Prague Ruzyně Airport opened in 1937 with 4 grass runways at 45° to each other so that it was possible to always take off facing the oncoming wind. Now just two active runways are currently used at Prague Airport: the main runway 06/24 (lengthened in 1982 to 3,715 meters or 11,500 feet) and a side runway 12/30.
It was a very frightening and dramatic night on August 20, 1968; the airport was seized by a night time drop of Soviet paratroopers. They facilitated the landing of Soviet troops and then transports for the invasion of Czechoslovakia.
Prague’s Ruzyně International Airport changed to the new name in October 2012 in consequence of the well-respected former President Václav Havel’s death. Václav Havel will always be remembered as an avid critic of the Communist regime, a protector of human rights, a playwright, and from 1989, as a well-respected politician. He was the ninth and last President of Czechoslovakia (1989–1992) and the first President of the Czech Republic (1993–2003).
Since 1937 there have been 13 incidents. The first was in 1948, followed by ’54, ’61, ’68, ’73, ’75, ’77, ’81, ’83, ’88, ’91, ’06, and 2012. One hijacker was shot in 1983, otherwise no fatalities since 1975, almost all of which were due to poor weather and bad instrumentation for both the planes and the airport. The good news is that the airport has currently tied for 2nd best in Europe in the 2015 awards from the Airports Council International (ACI).
Prague has made a significant effort to turn near the Airport into a modern showplace. It now handles 12 million passengers per year, on 60 different airlines, flying direct to 140 destinations worldwide. It’s the biggest most important Airport in all the Czech Republic and happily employs 1,700 direct employees, along with 14,000 other jobs related to the airport.
The Airport is very near its maximum capacity. Plans have been in the works for a number of years for an additional runway. The original design called for building a parallel runway. While the work is ongoing there would probably be increased usage of runway 12/30, and people are worried about the noise levels.
Consequently they are protesting and making life difficult for the Airport. The parallel runways would be designated as arrival and departure, probably separated by 1,500 m for safety. It would reduce noise levels over the city and the environmental impact.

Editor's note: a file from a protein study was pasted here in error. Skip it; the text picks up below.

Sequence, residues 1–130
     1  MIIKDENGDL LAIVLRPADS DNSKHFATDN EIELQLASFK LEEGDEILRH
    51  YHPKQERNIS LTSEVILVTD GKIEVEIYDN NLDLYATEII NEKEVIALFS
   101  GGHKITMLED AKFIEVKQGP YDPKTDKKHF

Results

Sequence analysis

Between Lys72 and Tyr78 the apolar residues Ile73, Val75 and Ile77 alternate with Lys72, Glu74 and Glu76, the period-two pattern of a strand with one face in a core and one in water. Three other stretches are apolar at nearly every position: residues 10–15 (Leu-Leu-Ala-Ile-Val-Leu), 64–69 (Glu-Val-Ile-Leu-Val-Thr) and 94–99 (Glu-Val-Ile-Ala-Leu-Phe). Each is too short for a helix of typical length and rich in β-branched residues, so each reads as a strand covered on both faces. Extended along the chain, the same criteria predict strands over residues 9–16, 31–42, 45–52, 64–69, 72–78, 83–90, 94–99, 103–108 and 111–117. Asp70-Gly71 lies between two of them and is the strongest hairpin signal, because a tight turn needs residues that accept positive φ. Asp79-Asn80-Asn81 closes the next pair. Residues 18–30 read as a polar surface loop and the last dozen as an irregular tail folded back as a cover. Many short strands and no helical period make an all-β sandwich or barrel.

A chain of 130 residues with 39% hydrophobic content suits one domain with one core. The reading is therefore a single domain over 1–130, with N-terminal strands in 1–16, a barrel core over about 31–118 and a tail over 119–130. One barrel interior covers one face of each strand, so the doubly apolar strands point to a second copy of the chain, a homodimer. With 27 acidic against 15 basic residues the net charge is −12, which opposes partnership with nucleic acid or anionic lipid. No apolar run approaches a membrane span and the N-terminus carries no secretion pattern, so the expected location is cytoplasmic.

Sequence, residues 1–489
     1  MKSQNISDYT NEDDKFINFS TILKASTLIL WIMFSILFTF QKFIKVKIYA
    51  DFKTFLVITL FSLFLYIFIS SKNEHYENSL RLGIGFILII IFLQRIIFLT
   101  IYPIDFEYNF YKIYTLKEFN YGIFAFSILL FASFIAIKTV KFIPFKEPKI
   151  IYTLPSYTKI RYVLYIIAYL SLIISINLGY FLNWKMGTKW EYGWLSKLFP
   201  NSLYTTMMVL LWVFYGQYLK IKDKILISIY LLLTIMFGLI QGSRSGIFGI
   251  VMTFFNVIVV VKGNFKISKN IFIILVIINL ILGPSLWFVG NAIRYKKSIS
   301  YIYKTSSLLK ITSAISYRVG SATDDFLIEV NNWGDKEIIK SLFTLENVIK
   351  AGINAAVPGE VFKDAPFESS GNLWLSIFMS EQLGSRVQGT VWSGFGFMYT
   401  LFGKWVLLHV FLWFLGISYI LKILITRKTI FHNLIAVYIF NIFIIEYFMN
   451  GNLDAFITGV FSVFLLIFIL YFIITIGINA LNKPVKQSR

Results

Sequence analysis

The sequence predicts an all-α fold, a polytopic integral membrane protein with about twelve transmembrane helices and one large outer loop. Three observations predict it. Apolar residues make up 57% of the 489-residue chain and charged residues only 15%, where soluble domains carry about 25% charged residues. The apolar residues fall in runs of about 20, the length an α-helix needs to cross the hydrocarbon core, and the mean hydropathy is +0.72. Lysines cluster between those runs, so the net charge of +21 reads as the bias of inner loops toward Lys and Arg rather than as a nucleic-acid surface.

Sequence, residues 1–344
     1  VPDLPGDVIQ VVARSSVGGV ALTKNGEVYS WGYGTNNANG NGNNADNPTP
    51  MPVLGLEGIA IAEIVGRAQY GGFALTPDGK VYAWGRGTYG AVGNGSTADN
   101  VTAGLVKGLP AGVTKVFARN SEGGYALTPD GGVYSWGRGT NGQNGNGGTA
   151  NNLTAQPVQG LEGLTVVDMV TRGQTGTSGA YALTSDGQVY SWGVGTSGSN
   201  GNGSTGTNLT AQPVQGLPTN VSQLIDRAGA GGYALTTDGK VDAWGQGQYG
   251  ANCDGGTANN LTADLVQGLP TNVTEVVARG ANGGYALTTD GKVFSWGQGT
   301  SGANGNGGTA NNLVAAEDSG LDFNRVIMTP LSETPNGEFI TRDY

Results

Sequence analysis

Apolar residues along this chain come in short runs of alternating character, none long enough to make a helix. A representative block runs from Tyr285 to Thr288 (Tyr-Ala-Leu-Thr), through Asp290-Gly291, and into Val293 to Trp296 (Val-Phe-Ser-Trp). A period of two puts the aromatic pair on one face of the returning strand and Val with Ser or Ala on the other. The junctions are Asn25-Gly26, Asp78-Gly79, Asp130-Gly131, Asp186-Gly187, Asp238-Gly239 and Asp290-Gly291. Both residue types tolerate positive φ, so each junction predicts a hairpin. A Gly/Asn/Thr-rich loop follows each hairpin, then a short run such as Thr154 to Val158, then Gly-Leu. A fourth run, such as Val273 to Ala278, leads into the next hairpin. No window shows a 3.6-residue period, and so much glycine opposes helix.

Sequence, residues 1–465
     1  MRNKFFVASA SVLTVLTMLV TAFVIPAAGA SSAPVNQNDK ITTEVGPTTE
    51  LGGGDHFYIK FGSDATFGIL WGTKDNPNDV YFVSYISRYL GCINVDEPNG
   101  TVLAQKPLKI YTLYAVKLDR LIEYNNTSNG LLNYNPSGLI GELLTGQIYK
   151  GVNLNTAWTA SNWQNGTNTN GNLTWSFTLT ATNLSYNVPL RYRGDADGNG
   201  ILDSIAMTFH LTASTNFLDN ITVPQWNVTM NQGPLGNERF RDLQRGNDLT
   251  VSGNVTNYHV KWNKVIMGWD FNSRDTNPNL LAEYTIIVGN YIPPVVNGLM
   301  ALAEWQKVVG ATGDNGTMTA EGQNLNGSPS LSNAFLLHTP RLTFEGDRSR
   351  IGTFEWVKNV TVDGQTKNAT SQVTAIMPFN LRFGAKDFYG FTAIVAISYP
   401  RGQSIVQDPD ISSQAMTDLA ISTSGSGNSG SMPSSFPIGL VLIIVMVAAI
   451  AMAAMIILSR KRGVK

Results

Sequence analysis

It currently serves as a hub for Czech Airlines, Travel Service Airlines (TSA, no not that one), SmartWings, and for the popular low-cost carrier, Wizz Air.
Of course which you really want is to see a plane landing at the Airport. This particular YouTube video shows you looking straight ahead, descending through the clouds and looking directly out the front window as the plane touches down. It’s a very nice shot.
Of course it’s always fun to look at the planes landing and taking off so the continuous shot webcam shows you just how busy Prague can be.
This video is a continuous shot, often with overlaid ATC and commentary built-in. It is located at the SW end of Runway 06/24 and the taxiways. Runway 13/31 crosses it left to right.
Cam 2 is actually a 3 second auto-refresh cam, delayed 15 minutes for security. It is on the SW corner at the Apron, near Departures on runway 13/31.
Airspace and all flights around the PRG airport can be tracked on the zoomable Air Flight Monitoring map. Departing flights are green; Arriving flights are pale blue.
As an extra bonus they have a couple of flash (.flv) movies of 2.5 minutes and 5 minutes duration that visually show the airport without narration, just music. It does give you a quick overall view.
It’s a Friendly Place
Czech currency is about 25 Koruna to the dollar, so the reasonably good quality carry-on snacks which you can purchase from the Aerosnack service to take on the plane at 69 Koruna and 89 with a beverage are a pretty good deal. You can access the breakfast buffet for 150 Kč (US$6.25) or have a 3-course meal for 125 Kč ($5.25). Parking is 790 Kč ($32) per week.
They have two very nice terminal with slidewalks (like a flat escalator) to move you through the terminal quickly. The self-check-in kiosks are easy to use and quite efficient.
For those inclined, they have VIP Service and lounges. If you need to kill some time between flight transfers you can drop by the entertainment center in Terminal One where they have a private mini-lounge, and overnight lounge (hotel rooms), an Internet café and PC corner, refreshments, TV, Wi-Fi, DVD, Xbox, and even an available shower. There’s a panorama of a lounge here so you can look it over. There is another of the Bedroom/playroom/shower facility you can hire if desired.
Unfortunately it is not available to passengers from Terminal Two. That terminal is restricted to people traveling without passports in the Schengen area, a political decision of the European Union. It won’t affect people from North America.
They have the usual variety of shops and duty free stores, for you to prowl through and peruse. Quite a few restaurants will look familiar as well as such as SUBWAY, Starbucks, and in some high-end pubs, restaurants, and cafes they permit smoking for the 18% of our population it still indulges.
You’ll probably like this airport; it’s contemporary, clean, efficient, and well run. Enjoy!
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